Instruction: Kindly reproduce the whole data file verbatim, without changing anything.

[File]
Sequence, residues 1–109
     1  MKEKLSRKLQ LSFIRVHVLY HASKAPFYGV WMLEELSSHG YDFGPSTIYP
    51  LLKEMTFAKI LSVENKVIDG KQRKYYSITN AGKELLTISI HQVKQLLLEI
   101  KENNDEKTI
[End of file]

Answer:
Sequence, residues 1–109
     1  MKEKLSRKLQ LSFIRVHVLY HASKAPFYGV WMLEELSSHG YDFGPSTIYP
    51  LLKEMTFAKI LSVENKVIDG KQRKYYSITN AGKELLTISI HQVKQLLLEI
   101  KENNDEKTI